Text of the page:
It’s easy to think of obesity as something that’s entirely personal when we see how bodies are spoken about in the media, and how people who are overweight or obese are spoken to. Their relationship to their body is defined by a “personal struggle” and a “battle against the bulge”, while they’re shamed for not having more discipline and “self control”. If a person is obese or overweight, we’re very happy to lay the blame entirely at their feet.
While it’s true that there’s little more personal than our own bodies, it’s also true that obesity has for several decades been a significant national health issue, and one that we’re dealing with particularly poorly.
Obesity-related health problems now cost Australia $9 billion each year, and it’s said that we may soon see a generation of Australians who die at a younger age than their parents, largely due to rapidly increasing rates of obesity.
As is often the case with these public health documentaries — the most prominent recent examples of which are ABC’s Changing Minds and Keeping Australia Alive — SBS’s The Obesity Myth starts off by rattling off these kinds of startling facts. A voiceover, provided by actor Tara Morice, tells viewers than 25% of Australian adults are clinically obese, while two in three of us are overweight.
The three-part documentary series then turns its focus to individual doctors and patients who are at the coalface of obesity treatment. It borrows a lot from those public health documentaries mentioned before — by interspersing talking heads explaining the scientific principles behind disease and treatment with stories of people who are directly and personally affected — but finds a new focus in obesity.
The leading figure in the series is Dr Joe Proietto, head of the Weight Control Clinic at Austin Health. He is seeking to reframe Australia’s understanding of obesity as a chronic disease.
There’s not really one “obesity myth” the program is seeking to blow apart, but several that Proietto and his patients want to prove entirely false. Given that obesity wasn’t a public health issue just a few decades ago, our assumptions are rudimentary, so challenging them remains a significant task.
Most of Proietto’s patients weigh more than 200 kilograms, and he offers them a combination of dietary and medication measures to help them lose weight. If those measures fail, the patient will then be put on a waiting list for bariatric surgery. It’s life-saving surgery for many of these patients, but a lack of financial support to obesity treatment means waiting lists can be for many months or even years.
There are patients highlighted at all stages of their treatment, from those starting out on a weight loss diet and experiencing a hellish internal struggle with their impulses, to those who are struggling to keep weight off with or without appetite suppressants. Then there’s a man who has lost significant weight, but is dealing with a potentially lethal foot infection as a result of his obesity-related diabetes.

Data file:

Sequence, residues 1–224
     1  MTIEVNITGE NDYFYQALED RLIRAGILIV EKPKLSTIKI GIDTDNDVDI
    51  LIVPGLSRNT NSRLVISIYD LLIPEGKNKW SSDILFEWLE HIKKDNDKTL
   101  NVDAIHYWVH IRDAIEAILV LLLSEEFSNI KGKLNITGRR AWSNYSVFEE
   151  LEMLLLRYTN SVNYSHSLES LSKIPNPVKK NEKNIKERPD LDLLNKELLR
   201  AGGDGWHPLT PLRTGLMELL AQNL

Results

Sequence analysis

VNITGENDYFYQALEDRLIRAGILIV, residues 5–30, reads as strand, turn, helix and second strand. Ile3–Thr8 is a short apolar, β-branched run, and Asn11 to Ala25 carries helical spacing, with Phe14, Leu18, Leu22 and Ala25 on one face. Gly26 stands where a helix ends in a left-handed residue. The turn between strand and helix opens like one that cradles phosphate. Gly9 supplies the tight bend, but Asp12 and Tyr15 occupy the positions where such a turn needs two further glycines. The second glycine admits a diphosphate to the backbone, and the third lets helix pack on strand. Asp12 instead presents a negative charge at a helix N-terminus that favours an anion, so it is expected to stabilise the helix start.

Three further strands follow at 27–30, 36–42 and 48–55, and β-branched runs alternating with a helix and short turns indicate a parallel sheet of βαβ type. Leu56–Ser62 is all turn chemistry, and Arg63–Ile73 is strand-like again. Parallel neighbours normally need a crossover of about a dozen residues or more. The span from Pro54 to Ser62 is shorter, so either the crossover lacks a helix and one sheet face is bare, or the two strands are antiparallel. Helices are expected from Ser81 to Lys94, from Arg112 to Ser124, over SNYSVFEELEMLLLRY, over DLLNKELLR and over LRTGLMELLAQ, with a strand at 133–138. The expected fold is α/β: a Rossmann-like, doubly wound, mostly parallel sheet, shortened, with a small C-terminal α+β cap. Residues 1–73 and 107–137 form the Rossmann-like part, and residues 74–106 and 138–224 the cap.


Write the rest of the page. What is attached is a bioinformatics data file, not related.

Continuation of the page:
Treating obesity is shown to be incredibly difficult: while there are many success stories, one particular patient had been seeing Dr Proietto for four years and despite concerted efforts had so far only managed to lose 15 kilograms.
The series also touches on the reasons particular patients are obese; whether they have a particular genetic marker, or have suffered some significant trauma. Pure laziness or greed is never really a driving factor.
The science behind hunger, and the genetic conditions that lead to obesity, isn’t broadly understood in the community, even though the majority of Australians have some struggle with overeating at some point in their life. And even if the science were better known, it wouldn’t necessarily do a great deal to curb our obesity rates. As with most public health issues, understanding and awareness is no substitute for investment in effective treatment and preventive measures.
The desire to eat certain foods in large quantities is, for many people, an absolute compulsion to which they’re genetically predisposed, and shown to be such in The Obesity Myth. But unlike a compulsion that may be part of a drug addiction, high-fat and sugar food is one that’s incredibly easy to assuage. Most Australians can now visit a fast food restaurant within just a few minutes and purchase a feast for just a few dollars.
The Obesity Myth is a frequently moving and eye-opening series. As a call to governments to invest in treatments and research to prevent the expensive health problems that flow on from obesity, it could be effective. I’m not entirely convinced it needs to be three full-hour episodes to get its point across — the individuals highlighted are mostly dealing with very similar issues — but it’s the type of TV show that might just open up significant conversations about our collective response to obesity.